• Never Trust a Trailer: The film's plot unfolds absolutely nothing like what the trailers indicate. The trailers played up the monsters Hercules fought as part of his Twelve Labors. In the movie, these monsters are shown in a montage and revealed to be tall tales. The rest of the story is more of "Conan the Barbarian in Ancient Greece" than a Clash of the Titans monster mash. The original comic wasn't as de-mythifying, but also did the Labors montage in one page. Discussed in an article (and it even mentions TV Tropes!)
  • Not in This for Your Revolution: Autolycus goes his own way once he's been paid. Fortunately, he also changes his mind.
  • Offing the Offspring:
    • Hercules believes he killed his own children after being drugged, but it turns out that he was only made to think that he did.
    • Cotys orders his daughter beheaded after she's outlived her usefulness and defied him by revealing his plot. Hercules saves her right in the nick of time.
  • One of the Boys: Atalanta.
    Autolycus: It would be nice to have some female companionship for a change. Atalanta doesn't count. No offense.
  • The Paragon: Hercules, both man and legend, is seen as an inspiration to others.
  • Prophecy Twist: Yeah, that "flaming spear" Amphiaraus is looking for couldn't possibly be a bolt of lightning, could it?
  • Protagonist Title: Hercules is the protagonist of the movie.
  • Redshirt Army: The Thracian army is this at first. Though they do manage to win a battle that they're in, that's mostly only because Hercules and his group were there, and even after that, in Cotys's words, half of the army dies in the battle.
  • Religious Bruiser: Amphiaraus is both a seer and a tough spear-wielder. Atalanta also takes the time to offer a prayer to Artemis before the battle against the crazed villagers, much to Autolycus' annoyance.
  • Sadly Mythtaken:
    • Played With. For all its liberties and demythtifying attitude to Greek Mythology, the movie is generally faithful to even the more obscure bits of the Herakles legend.
    • The same can't be said for the other characters though, with Atalanta being changed from an acolyte of Artemis into an Amazon, although she does utter a prayer to Artemis right before a battle.
  • Say My Name: A variation, as Hercules screams his own name.
    Amphiaraus: Remember the deeds you have performed. The labors you have accomplished. Are you only the legend, or are you the truth behind the legend? Now tell me! WHO ARE YOU?
    Hercules: I AMMM HERCULEEEEES!
  • Seers: Amphiaraus, played by Ian McShane, who is also a mentor of sorts to Hercules. As a Running Gag, he keeps predicting his own death throughout the film but always survives...at least until that bolt of lightning that closes the movie.
  • Shell-Shocked Veteran: Tydeus. He doesn't utter a single word throughout the whole film, except for animal-like grunts and the occasional battle cry. When he dies, his last word is Hercules' name.
  • Shrouded in Myth: The stories of Hercules' Labors are heavy implied to be a fanciful exaggeration of more mundane but still heroic deeds.
  • The Sociopath: King Cotys, a tyrant who is willing to slaughter his own people and frame the rebels for it just to conquer Greece.
  • Soldier vs. Warrior: Hercules and his band compared to the Thracian Army. Hercules' group fight mostly for personal gain, make a living out of it, are individually more powerful than small groups of soldiers, can work together to defeat larger numbers, and are better for situations that require small, versatile groups. Yet, they cannot defeat the superior numbers and tactics (specifically the shield wall) of the highly disciplined Thracian army who follow the orders of their king, regardless of how corrupt he is. They can also use their tactics to defeat the superior number of a more unorganized army.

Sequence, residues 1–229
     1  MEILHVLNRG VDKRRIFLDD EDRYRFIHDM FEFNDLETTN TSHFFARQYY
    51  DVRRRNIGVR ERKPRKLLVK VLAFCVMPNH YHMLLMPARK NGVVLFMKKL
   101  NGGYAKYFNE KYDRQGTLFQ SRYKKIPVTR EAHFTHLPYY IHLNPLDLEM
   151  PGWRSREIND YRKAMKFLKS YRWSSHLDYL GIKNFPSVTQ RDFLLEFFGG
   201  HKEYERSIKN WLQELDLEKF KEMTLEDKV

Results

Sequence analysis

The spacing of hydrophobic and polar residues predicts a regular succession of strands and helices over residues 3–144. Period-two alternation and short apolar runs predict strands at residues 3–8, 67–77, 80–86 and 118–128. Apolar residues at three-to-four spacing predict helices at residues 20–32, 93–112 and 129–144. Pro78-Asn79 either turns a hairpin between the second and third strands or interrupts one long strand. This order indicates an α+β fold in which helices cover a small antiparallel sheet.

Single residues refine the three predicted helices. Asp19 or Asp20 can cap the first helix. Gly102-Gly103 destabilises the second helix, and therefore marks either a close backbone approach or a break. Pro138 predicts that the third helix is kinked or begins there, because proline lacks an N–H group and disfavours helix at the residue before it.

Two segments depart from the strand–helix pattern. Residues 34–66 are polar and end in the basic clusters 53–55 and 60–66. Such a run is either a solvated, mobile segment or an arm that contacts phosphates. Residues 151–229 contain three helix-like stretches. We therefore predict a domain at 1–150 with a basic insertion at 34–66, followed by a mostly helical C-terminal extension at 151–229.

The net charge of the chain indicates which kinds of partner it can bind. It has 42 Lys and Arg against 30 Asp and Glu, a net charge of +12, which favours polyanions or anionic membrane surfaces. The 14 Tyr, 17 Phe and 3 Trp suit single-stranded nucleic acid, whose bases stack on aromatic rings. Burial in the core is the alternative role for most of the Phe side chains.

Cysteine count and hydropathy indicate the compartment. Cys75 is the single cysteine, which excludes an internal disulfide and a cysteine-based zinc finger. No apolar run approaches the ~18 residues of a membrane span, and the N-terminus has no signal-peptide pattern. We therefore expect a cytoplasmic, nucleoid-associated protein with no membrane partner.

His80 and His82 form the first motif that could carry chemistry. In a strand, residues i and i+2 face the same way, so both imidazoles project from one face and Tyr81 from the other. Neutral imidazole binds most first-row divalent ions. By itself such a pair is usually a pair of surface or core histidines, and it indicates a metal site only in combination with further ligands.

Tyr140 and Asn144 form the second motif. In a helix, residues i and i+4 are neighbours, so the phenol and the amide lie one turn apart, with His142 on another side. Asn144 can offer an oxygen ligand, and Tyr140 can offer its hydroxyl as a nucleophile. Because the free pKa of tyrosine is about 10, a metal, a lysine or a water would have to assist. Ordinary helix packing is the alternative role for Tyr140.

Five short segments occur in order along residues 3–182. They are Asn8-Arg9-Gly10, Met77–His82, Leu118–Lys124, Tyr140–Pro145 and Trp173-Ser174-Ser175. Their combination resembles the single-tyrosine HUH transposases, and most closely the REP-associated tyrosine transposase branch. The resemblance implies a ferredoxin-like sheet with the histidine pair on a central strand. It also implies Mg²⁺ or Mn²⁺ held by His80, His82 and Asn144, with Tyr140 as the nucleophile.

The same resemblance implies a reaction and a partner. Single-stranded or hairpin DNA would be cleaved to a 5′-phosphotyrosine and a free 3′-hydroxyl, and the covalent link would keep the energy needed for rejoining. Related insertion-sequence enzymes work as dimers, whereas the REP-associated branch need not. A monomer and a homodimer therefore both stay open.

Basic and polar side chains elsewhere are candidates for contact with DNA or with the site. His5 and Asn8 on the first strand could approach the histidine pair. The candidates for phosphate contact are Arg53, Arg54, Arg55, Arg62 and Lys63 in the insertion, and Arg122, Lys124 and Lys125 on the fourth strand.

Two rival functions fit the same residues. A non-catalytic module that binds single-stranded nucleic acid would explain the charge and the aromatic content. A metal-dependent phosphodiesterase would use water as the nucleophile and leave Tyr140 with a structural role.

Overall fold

• Spiked Wheels: The group's big chariot provides a variation. It has folded blade mounted on its sides, instead of on the wheels.
  • Super Strength: Hercules is stated outright to be abnormally strong. Several of his feats of strength are far beyond what even a strong human could do.
  • Sword & Sandal: The setting. John Hurt plays King Cotys of Thrace, who enlists Hercules's aid to fight the warlord Rhesus.
  • Take That!: When Iolaus suggests "Hercules: The Savior of Thrace" or "Hercules: The Legend Begins" as an appendage to Hercules' feats, Autolycus remarks that "both sound dreadfully boring."
  • Too Dumb to Live:
    • Cotys, eager to end the war, orders his troops (which almost entirely consists of farmers) to intercept Rhesus' army. If not for Hercules and his friends, they would have certainly been slaughtered. Even with their aid, the army still takes terrible losses.
    • Instead of killing Hercules first, the villain decides to start with the companions, so that the hero has enough time to gather Heroic Resolve.
    • Cotys again, who keeps urging his soldiers to move forward and kill Hercules, when a giant statue is falling towards him.
  • Training Montage: When Hercules trains the Thracian army after the first battle.
  • Training the Peaceful Villagers: Hercules does this early in the film. This becomes a problem when he and his group then have to fight them.
  • True Companions: Hercules' group. Spelled out by Atalanta who tells him they haven't followed him out of debt, but because they are a family.
  • The Usurper: Cotys it turns out murdered the true king, his son-in-law, and then took over.
  • Whip It Good: Sitacles' weapon of choice is a menacing bone whip.
  • Would Hurt a Child: Cotys threatened to kill his own grandson before the events of the film to get his daughter's cooperation. Later, he cruelly has the boy dragged about by the hair, preparing to slit his throat.
  • World of Ham: Hercules, Amphiaraus, and Cotys. Given who their actors are, that's hardly a surprise. Iolaus hams it up when he's talking about the deeds of Hercules, but is otherwise calmer.
  • Wrong Side All Along: Rhesus says this trope almost word for word.
  • You Have Outlived Your Usefulness: Spoken word for word by Cotys, but ultimately averted. Despite Hercules and his comrades confronting him about the truth behind the civil war, Cotys still elects to pay them for their services and send them on their way rather than kill them—at first. He later views his own daughter this way, and orders her killed, but Hercules stops it.
  • Your Princess Is in Another Castle!: Rhesus and his army are defeated a good half hour before the movie is over—a hint that he's not the real villain.